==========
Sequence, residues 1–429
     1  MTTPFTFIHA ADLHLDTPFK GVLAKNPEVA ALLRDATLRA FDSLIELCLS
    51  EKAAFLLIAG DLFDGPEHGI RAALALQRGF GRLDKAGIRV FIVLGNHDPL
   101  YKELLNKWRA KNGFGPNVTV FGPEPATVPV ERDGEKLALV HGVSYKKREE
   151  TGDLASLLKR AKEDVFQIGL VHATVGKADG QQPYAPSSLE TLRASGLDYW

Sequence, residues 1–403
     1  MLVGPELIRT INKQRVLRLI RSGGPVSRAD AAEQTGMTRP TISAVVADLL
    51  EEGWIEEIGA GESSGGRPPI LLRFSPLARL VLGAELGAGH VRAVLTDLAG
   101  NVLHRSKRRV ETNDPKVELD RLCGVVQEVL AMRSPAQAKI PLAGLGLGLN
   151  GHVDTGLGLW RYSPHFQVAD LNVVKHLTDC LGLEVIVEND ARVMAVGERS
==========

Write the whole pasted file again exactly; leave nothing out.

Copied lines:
Sequence, residues 1–429
     1  MTTPFTFIHA ADLHLDTPFK GVLAKNPEVA ALLRDATLRA FDSLIELCLS
    51  EKAAFLLIAG DLFDGPEHGI RAALALQRGF GRLDKAGIRV FIVLGNHDPL
   101  YKELLNKWRA KNGFGPNVTV FGPEPATVPV ERDGEKLALV HGVSYKKREE
   151  TGDLASLLKR AKEDVFQIGL VHATVGKADG QQPYAPSSLE TLRASGLDYW

Sequence, residues 1–403
     1  MLVGPELIRT INKQRVLRLI RSGGPVSRAD AAEQTGMTRP TISAVVADLL
    51  EEGWIEEIGA GESSGGRPPI LLRFSPLARL VLGAELGAGH VRAVLTDLAG
   101  NVLHRSKRRV ETNDPKVELD RLCGVVQEVL AMRSPAQAKI PLAGLGLGLN
   151  GHVDTGLGLW RYSPHFQVAD LNVVKHLTDC LGLEVIVEND ARVMAVGERS